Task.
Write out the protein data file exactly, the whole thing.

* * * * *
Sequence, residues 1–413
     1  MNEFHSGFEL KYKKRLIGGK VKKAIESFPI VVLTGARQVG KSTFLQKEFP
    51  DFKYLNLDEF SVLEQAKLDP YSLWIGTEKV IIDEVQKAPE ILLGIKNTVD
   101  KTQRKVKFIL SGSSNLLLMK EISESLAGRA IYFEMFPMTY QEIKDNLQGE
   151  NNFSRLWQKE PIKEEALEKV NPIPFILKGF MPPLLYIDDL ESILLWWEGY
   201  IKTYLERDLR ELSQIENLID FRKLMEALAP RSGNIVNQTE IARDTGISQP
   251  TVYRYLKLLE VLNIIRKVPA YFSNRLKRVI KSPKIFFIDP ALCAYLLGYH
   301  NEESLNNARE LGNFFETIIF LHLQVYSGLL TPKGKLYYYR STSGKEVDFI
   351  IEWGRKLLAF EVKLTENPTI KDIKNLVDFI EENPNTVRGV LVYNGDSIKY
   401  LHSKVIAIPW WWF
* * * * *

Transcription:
Sequence, residues 1–413
     1  MNEFHSGFEL KYKKRLIGGK VKKAIESFPI VVLTGARQVG KSTFLQKEFP
    51  DFKYLNLDEF SVLEQAKLDP YSLWIGTEKV IIDEVQKAPE ILLGIKNTVD
   101  KTQRKVKFIL SGSSNLLLMK EISESLAGRA IYFEMFPMTY QEIKDNLQGE
   151  NNFSRLWQKE PIKEEALEKV NPIPFILKGF MPPLLYIDDL ESILLWWEGY
   201  IKTYLERDLR ELSQIENLID FRKLMEALAP RSGNIVNQTE IARDTGISQP
   251  TVYRYLKLLE VLNIIRKVPA YFSNRLKRVI KSPKIFFIDP ALCAYLLGYH
   301  NEESLNNARE LGNFFETIIF LHLQVYSGLL TPKGKLYYYR STSGKEVDFI
   351  IEWGRKLLAF EVKLTENPTI KDIKNLVDFI EENPNTVRGV LVYNGDSIKY
   401  LHSKVIAIPW WWF